Winter Series: Museum Tours

Join Joanna Pinsky in this annual series that explores challenging, inventive and exciting art in Chicago’s outstanding museums.

When: Wednesdays, 10:30am-12:30pm
Where: Chicago Museums
Price: Art Encounter members $30 per invidvidual session or $80 for the series; non-members $34 per individual session or $90 for the series

Please scroll down to the bottom of the page to register.

Museum of Contemporary Art, January 29, 2020

Consider our relationship as human beings to the natural world and built worlds through three different exhibitions. First, Israeli-born artist Assaf Evron photographs structures and spaces in both Israel and Chicago featuring the “meander,” a ubiquitous decorative motif derived from the natural curves of rivers and streams with reference to time and historic events. Next, we’ll see group exhibit The Shape of the Future, which highlights histories and ideologies in the built environment that speak to the dreams and disasters of modernism.  We’ll conclude with filmmaker John Akomfrah’s major video installation Vertigo Sea (2015), a spellbinding three-screen montage that brings together the poetics and traumas of the ocean.

Group will meet at the ground level Pearson entrance to the museum.

The Art Institute of Chicago, February 5, 2020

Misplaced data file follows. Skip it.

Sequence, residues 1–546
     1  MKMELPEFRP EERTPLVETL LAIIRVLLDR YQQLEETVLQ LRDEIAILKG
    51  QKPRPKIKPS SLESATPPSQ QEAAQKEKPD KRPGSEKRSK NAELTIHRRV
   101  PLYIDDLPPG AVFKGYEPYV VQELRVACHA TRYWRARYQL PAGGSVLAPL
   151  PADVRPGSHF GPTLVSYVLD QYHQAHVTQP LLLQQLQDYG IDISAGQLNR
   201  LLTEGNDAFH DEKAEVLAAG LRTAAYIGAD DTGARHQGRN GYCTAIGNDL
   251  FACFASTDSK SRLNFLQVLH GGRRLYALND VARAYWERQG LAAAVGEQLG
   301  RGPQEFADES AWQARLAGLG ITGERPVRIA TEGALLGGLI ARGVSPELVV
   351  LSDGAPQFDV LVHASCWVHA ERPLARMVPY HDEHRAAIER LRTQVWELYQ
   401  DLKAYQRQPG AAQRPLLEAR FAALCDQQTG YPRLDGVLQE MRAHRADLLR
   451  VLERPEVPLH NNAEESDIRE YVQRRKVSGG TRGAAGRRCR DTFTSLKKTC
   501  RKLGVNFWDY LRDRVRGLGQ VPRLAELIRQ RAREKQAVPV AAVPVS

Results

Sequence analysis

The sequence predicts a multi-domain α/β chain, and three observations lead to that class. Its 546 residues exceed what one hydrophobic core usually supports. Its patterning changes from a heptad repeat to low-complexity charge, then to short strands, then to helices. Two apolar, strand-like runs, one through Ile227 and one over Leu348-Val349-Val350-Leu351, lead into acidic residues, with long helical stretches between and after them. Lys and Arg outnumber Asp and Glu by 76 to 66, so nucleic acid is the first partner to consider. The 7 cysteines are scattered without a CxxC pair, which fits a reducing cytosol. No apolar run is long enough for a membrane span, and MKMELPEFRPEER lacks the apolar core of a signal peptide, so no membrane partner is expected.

When the Nazi’s closed down the Bauhaus, Germany’s foundational center for art and design, many of the artists who were a part of the Bauhaus’s Weaving Workshop fled to America, developing connections through educational organizations such as the Institute of Design at IIT and Black Mountain College and making a major impact on fiber arts. In this exhibit, Weaving Beyond the Bauhaus, we’ll delve into the imaginative, large-scale sculptural works of Sheila Hicks, Else Regensteiner, Ethel Stein, Lenore Tawney, and Chicago artist Claire Zeisler (1903-1991).

Group will meet at the Monroe St. entrance of the Art Institute.

Block Museum of Art, Northwestern University, February 12, 2020

Discover unique and vibrant forms of modernism that came to fruition in three different countries during the 1960’s and 70’s with Modernisms: Iranian, Turkish and Indian Highlights from NYU’s Abby Grey Collection. This show challenges the view that modernism was exclusive to the West, and shows the inventiveness of artists who blended imagery from their traditional histories and cultures with sights and movement of modern life. Iranian and Turkish artists incorporated calligraphy and ornamentation into abstraction while Indian artists drew upon Hindu iconography.  Folk dances, weaving and Islamic architecture contribute to the mix of cultural identity.

Group will meet at the Block Museum main entrance.